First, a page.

A while back Lawrence Summers, an economic adviser to the past two Democratic presidents, joked that President Trump's trade policies toward China and other nations amounted to: "Stop, or I'll shoot myself in the foot." Which is funny, but wrong. They actually amount to: "Stop, or I'll shoot the American public in the foot."
The tariffs Trump has imposed don't hurt foreign producers anywhere near as much as they hurt American consumers. After all: A tariff is simply a sales tax on imported goods. Guess who pays sales taxes?
Even worse, those taxes are often hidden. More than half of the imports to the U.S. are manufacturing components or raw materials, used by U.S. companies to make other products. So the 25 percent tariffs Trump has slapped on steel from China and a few other countries raise the cost of making things with steel in America.
Pennsylvania-based CP Industries, for instance, makes large cylinders to hold gases for the Navy and other customers. Earlier this month, it had to pay a $178,000 tariff for a shipment of steel tubes—"equivalent to about two weeks' payroll," The New York Times reported. At those rates Michael Larsen, the head of the company, wonders: "How long can we last?"
Hence the steel tariffs might protect some American jobs in the steel industry, but it will destroy others. That is the conclusion not only of free-market advocates such as the Cato Institute, but also fair-trade groups such as the Coalition for a Prosperous America. The Coalition concedes that while "the 19,000 jobs gained in the steel and aluminum sectors" would mostly offset job losses elsewhere (such as the 10,000 jobs destroyed in construction) the total effect would be a net job loss of more than 400.
That is the historical norm: For decades, protectionism has hurt the American consumer without much helping the American producer. The cost of each job saved by protectionist measures in the 1980s and 1990s, for instance, was almost $620,000 (in 2017 dollars).
The higher steel prices will inflict costs that often will not be seen directly. Here in Richmond, Virginia, the bill to erect a new state office building near the Capitol already has risen by $24 million, largely because politically imposed delays led to the use of more expensive construction materials. Higher steel prices will drive costs up further.
That single case won't make a big dent on the typical Virginia resident's tax bill, granted. But multiply the example by every newly built structure that uses steel girders, and the hidden economic effects soon pile up.
Meanwhile, the typical Virginia resident will pay higher prices for home appliances. In January, the administration imposed a 50 percent tariff on imported washing machines (and washing-machine parts) and a 30 percent tax on solar panels.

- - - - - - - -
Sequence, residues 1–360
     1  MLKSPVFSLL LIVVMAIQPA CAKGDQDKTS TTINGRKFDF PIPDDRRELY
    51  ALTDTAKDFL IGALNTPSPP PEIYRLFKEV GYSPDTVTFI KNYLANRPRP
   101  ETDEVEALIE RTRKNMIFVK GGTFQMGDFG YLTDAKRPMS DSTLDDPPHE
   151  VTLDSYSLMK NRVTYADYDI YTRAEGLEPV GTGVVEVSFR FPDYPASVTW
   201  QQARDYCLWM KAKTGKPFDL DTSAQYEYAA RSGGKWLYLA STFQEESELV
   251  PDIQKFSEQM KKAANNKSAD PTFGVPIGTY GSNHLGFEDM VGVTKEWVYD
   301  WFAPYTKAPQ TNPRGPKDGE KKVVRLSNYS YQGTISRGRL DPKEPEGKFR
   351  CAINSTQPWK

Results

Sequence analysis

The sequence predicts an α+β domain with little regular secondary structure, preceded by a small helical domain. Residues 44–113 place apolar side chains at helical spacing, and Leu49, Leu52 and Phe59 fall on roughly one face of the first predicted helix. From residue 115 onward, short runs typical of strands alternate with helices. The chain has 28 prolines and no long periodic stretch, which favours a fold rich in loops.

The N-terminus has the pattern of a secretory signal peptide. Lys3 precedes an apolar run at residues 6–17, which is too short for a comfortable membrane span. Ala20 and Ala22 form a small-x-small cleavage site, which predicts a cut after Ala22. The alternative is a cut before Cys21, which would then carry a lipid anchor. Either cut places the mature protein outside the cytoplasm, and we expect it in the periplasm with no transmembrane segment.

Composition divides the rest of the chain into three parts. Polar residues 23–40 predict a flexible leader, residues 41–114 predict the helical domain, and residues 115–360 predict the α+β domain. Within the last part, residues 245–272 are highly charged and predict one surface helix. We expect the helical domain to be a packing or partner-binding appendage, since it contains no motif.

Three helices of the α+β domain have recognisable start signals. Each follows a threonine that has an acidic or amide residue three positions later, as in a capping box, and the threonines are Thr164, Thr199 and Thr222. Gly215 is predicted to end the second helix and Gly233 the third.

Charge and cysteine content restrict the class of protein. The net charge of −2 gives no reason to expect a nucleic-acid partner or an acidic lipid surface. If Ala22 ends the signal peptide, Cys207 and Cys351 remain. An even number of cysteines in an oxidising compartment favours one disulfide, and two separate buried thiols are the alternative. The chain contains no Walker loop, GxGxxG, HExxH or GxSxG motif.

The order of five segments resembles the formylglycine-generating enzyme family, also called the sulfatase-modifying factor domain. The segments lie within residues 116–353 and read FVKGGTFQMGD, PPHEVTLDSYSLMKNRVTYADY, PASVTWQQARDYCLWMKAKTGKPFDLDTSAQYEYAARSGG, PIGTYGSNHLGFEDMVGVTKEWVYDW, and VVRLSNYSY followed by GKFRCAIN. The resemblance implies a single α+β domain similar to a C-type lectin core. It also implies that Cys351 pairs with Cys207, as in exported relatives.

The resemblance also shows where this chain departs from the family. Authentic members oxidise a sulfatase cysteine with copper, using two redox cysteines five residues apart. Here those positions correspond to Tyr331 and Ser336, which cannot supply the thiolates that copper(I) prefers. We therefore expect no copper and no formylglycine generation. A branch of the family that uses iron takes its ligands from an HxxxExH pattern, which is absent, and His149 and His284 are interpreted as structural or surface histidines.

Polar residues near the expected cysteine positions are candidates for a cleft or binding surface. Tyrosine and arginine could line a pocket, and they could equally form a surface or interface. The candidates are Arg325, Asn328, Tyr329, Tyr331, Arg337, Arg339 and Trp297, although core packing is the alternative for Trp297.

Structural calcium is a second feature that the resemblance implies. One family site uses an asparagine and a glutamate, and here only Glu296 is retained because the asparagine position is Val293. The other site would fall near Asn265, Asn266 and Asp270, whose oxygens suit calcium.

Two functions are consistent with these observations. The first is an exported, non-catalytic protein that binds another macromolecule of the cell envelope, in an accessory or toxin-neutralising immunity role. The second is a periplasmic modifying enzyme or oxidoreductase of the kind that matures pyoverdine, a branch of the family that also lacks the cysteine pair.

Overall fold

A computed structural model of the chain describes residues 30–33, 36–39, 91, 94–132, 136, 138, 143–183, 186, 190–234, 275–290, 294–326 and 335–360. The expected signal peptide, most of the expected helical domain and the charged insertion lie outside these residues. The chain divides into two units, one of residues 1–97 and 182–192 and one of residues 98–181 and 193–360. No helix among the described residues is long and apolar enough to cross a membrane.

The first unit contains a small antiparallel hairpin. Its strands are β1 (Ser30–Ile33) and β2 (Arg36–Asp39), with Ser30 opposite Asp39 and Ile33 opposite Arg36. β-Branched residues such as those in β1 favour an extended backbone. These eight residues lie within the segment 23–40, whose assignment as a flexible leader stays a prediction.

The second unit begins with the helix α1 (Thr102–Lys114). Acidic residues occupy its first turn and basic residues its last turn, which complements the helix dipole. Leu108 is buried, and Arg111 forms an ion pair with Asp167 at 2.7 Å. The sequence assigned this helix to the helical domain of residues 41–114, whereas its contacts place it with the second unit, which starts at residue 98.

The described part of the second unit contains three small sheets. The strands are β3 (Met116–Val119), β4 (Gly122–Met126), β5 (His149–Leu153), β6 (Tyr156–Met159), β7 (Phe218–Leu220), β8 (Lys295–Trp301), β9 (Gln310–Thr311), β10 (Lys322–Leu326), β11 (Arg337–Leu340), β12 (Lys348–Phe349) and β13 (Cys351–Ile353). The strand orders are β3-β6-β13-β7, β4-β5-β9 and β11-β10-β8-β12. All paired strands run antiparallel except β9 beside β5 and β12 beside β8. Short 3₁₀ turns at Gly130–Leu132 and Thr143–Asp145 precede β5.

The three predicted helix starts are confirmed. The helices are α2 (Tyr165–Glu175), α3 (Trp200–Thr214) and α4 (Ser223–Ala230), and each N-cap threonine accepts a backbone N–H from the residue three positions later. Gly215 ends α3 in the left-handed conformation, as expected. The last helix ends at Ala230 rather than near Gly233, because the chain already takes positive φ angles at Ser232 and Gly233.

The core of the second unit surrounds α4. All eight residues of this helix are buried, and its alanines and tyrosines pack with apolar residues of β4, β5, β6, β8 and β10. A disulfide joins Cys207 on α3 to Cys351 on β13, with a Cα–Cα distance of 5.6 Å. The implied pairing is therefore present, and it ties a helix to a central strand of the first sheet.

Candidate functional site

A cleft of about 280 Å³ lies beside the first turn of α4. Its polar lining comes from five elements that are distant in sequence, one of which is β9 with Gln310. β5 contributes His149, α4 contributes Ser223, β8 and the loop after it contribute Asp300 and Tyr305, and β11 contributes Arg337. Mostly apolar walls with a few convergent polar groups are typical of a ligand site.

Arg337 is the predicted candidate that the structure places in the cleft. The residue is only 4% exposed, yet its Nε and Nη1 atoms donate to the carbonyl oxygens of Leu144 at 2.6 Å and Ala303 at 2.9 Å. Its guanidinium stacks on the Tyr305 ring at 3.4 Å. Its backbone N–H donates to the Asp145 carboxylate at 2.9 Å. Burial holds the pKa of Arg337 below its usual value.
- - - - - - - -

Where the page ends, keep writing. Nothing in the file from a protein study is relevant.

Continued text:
About 2,400 Americans work making washers and dryers in the U.S. According to one recent economic analysis, the net annual cost to consumers from the Trump tariffs comes to $1.4 billion—meaning Americans will spend $583,000 per year for every job saved.
That is, assuming the tariffs actually save jobs. They might do so in the washer industry, but they almost certainly will not save jobs overall. The $1.4 billion that would have been allocated to more productive uses will now go to meet the washing-machine tax. 'Twas a famous victory.
Another example that hits even closer to home: In response to a complaint by one paper plant owned by one hedge fund, the Trump administration has imposed steep tariffs on Canadian newsprint. The effect has been almost immediate. The Tampa Bay Times recently "announced that it would cut about 50 jobs after new tariffs imposed by the Trump administration dramatically increased the cost of newsprint," reported The Hill a few days ago. "A spokeswoman for the Times confirmed the layoffs … saying they are directly in response to the tariffs imposed on newsprint imported from Canada." More layoffs likely will follow elsewhere. In the meantime, other papers are reducing page counts, raising prices, or both.
All this damage is being inflicted even before other countries retaliate. If they do, a global recession could ensue. And even if it does not, it would hit Americans in unexpected times and places. Such as prom night.
A recent piece in The Wall Street Journal examined the work of economist Jay Zagorsky, who used government data to show that prom night is an increasingly good bargain. In the past 18 years the Consumer Price Index has risen 45 percent—but prom expenses have risen only 25 percent.
"What has kept prices down?" asks reporter Jo Craven McGinty. "The short answer is imports." Since the turn of the century prices for women's dresses and shoes have remained steady, and prices for men's suits have fallen by nearly one-fifth.
"A lot of these things have been subject to import pressure," Zagorsky says. "The African flower market is growing tremendously and is pushing down prices around the world. Asia has been producing shoes at cheaper and cheaper prices and at higher and higher quality."
All of which could go away if, say, China decides to follow through on its threat and fight fire with fire. If that happens, Americans will find themselves not only shot but burned as well.